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Yahoo and China: How far will commercial entities go?

Yahoo is not the first to withdraw from China in response to increasing demands of the sector from the Chinese Communist Party.

© Karen Bleier, AFP
© Karen Bleier, AFP

As reported by The Guardian, Yahoo has announced during November 2021 that it will no longer operate in China. This comes as China tightens an array of data and privacy regulations. For some firms, these regulations are making it increasingly difficult for U.S. companies to operate within the country.

Will other firms start to follow Yahoo’s lead?

Earlier, in October, Microsoft announced that it would shut down its localized version of LinkedIn in China, similarly citing “a significantly more challenging operating environment.”  However, other companies are more intricately bound into the systems of Chinese commerce and industry to make any withdrawal easy.

Commenting on Yahoo’s withdrawal from China, Dr Martin Thorley, from the University of Exeter, tells Digital Journal this could be the start of technology drain from China.

In setting the scene, Thorley says: “Yahoo is not the first to withdraw from China in response to increasing demands of the sector from the Chinese Communist Party. It won’t be the last.”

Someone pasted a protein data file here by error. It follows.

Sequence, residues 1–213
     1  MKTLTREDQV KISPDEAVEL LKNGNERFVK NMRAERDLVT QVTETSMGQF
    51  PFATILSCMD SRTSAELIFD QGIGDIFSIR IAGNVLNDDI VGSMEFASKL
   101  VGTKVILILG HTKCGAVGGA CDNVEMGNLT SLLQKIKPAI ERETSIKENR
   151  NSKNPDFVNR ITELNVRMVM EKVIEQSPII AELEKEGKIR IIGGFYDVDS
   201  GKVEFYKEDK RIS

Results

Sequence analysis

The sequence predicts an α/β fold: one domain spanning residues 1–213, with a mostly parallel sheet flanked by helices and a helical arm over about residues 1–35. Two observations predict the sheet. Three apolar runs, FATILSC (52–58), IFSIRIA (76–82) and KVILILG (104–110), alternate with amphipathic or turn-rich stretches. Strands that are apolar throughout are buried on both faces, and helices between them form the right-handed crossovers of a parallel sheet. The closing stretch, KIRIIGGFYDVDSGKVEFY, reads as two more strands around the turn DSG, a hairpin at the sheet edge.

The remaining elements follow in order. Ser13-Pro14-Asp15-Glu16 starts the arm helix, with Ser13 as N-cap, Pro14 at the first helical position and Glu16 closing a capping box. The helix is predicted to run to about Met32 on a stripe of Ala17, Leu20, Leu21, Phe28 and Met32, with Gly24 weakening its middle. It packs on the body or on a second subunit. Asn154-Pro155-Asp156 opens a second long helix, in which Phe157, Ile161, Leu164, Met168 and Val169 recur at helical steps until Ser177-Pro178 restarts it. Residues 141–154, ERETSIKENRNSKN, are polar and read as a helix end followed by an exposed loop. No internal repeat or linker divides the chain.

This does not mean that businesses are blinkered as to the advantages and disadvantages with trading within China. Thorley states: “All those who enter the Chinese market must know that in doing so, they are making a deal.”

By ‘deal’, Thorley opines: “In return for access, they play by the Party’s rules – a significant concession where the Chinese Communist Party operates a rule-by-law system, rather than rule-of-law.”

An example here was when, in 2007, Yahoo turned over sensitive e-mails to Chinese authorities.

Taking a stance in relation to China is something that is easier for some companies to go through with than others. Thorley explains: “Things will get more complicated when increasing demands are made in other sectors, of companies with massive investments on the ground.”

On top of this: “Yahoo was already running reduced operations in China, but what if your company has motor vehicle assembly plants in the country, or theme parks? In the long run, we will find out just how far commercial entities are willing to go in order to maximise shareholder value, but we might not like the answer.”

China has 854 million Internet users, the most in the world and more than twice the amount of users in the U.S. (313 million). This is a marketable source that many companies will be toying with when deciding to exit or stay in China.

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Dr. Tim Sandle is Digital Journal's Editor-at-Large for science news. Tim specializes in science, technology, environmental, and health journalism. He is additionally a practising microbiologist; and an author. He is also interested in history, politics and current affairs.

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